[Cbor] Rechartering Process

Jim Schaad <ietf@augustcellars.com> Wed, 22 May 2019 18:29 UTC

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From: Jim Schaad <ietf@augustcellars.com>
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Date: Wed, 22 May 2019 11:29:21 -0700
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Subject: [Cbor] Rechartering Process
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During the virtual meeting today, one of the items on the agenda was to bash
the proposed charter update.  Below is the output of that process.  The
intention is to review the charter again at the next meeting in two weeks
and if there are no issues then to send it to the IESG for approval.  You
can send messages to the mailing list, setup a pull request at
https://github.com/cbor-wg/charter/ or come onto the next call if you want
to suggest changes.

Jim

Concise Binary Object Representation (CBOR, RFC 7049) extends the JavaScript
Object Notation (JSON, RFC 7159) data interchange format to include binary
data and an extensibility model, using a binary representation format that
is easy to parse correctly. It has been picked up by a number of IETF
efforts (e.g., CORE, ANIMA GRASP) as a message format.

The CBOR working group will update RFC 7049 to fix verified errata. Security
issues and clarifications may be addressed, but changes to the document will
ensure backward compatibility for popular deployed codebases. The resulting
document will be targeted at becoming a Full Internet Standard. After that,
the CBOR working group will monitor issues found with the CBOR specification
and, if needed, will produce an updated document.

Similar to the way ABNF (RFC 5234/7405) can be used to describe the set of
valid messages in a text representation, it is useful for protocol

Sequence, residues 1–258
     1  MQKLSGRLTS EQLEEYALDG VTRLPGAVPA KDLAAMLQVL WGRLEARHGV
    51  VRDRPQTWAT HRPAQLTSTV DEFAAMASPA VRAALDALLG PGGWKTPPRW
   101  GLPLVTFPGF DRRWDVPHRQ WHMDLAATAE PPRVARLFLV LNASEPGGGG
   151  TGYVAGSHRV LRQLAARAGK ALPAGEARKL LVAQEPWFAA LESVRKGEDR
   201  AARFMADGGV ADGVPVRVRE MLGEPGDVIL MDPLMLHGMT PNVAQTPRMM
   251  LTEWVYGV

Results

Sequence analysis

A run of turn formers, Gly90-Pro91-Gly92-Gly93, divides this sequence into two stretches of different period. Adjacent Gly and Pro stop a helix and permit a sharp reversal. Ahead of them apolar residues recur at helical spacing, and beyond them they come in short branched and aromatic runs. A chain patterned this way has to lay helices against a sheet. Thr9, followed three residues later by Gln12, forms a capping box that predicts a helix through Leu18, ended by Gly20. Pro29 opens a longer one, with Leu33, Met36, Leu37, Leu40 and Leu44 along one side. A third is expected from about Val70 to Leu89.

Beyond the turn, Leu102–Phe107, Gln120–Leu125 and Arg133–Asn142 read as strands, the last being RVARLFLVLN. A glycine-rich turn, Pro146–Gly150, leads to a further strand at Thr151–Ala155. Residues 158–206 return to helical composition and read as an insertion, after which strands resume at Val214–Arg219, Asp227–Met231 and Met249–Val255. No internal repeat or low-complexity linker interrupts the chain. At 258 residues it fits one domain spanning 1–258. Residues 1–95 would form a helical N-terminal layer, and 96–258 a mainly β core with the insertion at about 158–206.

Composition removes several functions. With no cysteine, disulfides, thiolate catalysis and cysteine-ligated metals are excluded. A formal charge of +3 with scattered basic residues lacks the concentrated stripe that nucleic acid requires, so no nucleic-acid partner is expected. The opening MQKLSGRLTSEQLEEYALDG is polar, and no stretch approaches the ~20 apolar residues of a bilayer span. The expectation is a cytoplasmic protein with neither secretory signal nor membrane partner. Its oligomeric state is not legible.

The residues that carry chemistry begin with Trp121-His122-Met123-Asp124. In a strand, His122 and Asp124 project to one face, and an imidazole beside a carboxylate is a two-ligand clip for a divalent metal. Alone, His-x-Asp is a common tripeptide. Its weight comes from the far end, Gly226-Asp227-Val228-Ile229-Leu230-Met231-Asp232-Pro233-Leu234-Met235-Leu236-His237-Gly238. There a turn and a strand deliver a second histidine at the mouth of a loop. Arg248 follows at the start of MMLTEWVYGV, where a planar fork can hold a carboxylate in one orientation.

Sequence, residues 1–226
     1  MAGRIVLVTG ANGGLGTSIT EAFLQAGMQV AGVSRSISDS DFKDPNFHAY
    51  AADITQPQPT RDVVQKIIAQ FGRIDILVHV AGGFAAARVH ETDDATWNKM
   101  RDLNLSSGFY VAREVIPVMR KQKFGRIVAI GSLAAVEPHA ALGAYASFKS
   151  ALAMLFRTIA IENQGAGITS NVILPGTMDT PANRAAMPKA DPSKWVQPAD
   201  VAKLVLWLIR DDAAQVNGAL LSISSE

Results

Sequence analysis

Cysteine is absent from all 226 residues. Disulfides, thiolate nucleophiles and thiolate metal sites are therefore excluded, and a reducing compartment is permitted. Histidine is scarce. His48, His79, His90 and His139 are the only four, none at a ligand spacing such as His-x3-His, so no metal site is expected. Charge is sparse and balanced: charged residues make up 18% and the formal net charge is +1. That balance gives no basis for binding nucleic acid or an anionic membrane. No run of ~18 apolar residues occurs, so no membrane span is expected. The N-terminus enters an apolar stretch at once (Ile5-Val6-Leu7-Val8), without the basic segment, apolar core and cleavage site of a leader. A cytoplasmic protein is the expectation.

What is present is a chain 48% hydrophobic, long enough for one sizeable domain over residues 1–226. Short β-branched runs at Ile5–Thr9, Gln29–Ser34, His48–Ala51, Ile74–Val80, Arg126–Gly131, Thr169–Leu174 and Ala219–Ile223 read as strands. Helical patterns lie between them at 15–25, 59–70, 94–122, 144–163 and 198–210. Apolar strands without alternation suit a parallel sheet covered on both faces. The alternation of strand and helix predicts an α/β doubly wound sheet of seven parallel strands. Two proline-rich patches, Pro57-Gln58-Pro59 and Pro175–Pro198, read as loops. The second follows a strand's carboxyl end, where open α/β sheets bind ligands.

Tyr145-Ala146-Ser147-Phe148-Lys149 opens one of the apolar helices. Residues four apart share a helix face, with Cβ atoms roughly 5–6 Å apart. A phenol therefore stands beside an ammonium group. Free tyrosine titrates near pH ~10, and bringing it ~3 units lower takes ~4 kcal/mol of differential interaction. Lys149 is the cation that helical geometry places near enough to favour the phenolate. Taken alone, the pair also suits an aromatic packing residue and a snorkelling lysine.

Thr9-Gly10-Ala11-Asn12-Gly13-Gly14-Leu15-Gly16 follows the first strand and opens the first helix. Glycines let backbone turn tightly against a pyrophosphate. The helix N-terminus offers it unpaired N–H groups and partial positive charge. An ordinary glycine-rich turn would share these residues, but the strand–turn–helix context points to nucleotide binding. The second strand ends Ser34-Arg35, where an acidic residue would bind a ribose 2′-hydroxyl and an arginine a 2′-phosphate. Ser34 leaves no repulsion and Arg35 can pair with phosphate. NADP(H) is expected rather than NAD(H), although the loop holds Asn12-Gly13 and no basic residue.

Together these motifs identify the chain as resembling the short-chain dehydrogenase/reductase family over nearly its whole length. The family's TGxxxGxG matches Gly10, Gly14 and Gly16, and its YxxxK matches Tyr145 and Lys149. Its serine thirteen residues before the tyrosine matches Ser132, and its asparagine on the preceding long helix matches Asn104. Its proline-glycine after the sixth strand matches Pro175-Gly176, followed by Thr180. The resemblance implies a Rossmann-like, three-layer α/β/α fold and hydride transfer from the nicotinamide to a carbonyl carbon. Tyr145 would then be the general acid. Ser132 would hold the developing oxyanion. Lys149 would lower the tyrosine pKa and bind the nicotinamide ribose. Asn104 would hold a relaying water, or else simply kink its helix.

specifications to use a description format for the data in CBOR-encoded
messages. The Concise Data Definition Language (CDDL) is such a description
technique that has already been used in CORE, ANIMA, CDNI, and efforts
outside the IETF.

CDDL has been published as RFC XXXX. While this specification has been
completed, several new features were raised during the update process that
were not included, in order not to delay publication, and to allow
publication in the Standards Track. One example of such a feature is the
ability to combine multiple CDDL files together using a mechanism other that
manually concatenating them together for processing. The working group will
collect these features as well as other features that are raised by users of
CDDL, evaluate their utility and add to a second edition of the
specification if warranted.

The working group will define the approach to further evolving CDDL as a
sequence of editions, which might also add further extension points,
probably as part of the introduction of the next edition of the CDDL base
specification. The body of existing specifications that make use of CDDL is
considered precious, and the WG will set out not to damage their value.

The working group will evaluate the necessity of providing advice and
guidance for developers using CBOR and CDDL. It is currently expected that
this would be done using a Wiki of some type. This work would not be
expected to be published by the IETF.

There are a number of additional CBOR tagged types that are either currently
adopted by the working group, by other working groups, or as individual
submissions. Additionally, there are expected to be other such documents
that will come to the attention of the working group. In some cases, the
working group expects to adopt and publish these proposals.

The working group will evaluate and place proposals in one of the following
categories using a dispatch like process:

 *   General purpose tagged types that are expected to have broad usage: The
working group will normally adopt and publish such proposals. Examples of
proposals in this category are CBOR Sequence (draft-bormann-cbor-sequence)
and Error Indications (draft-richter-cbor-error-tag).

 *   Internet wide specific purpose tagged types: The working group may
decide to adopt these proposals, but typically it would just provide input
and recommend that they be published either as an Independent Submission or
by a different working group.

 *   Narrow purpose tagged types: The working group may provide evaluation
of such proposals, but typically would not support Working Group adoption,
and could recommend publication in a different forum. An example of this
might be portions of draft-bormann-cbor-tags-oid dealing with some of the
more esoteric types such as regular expressions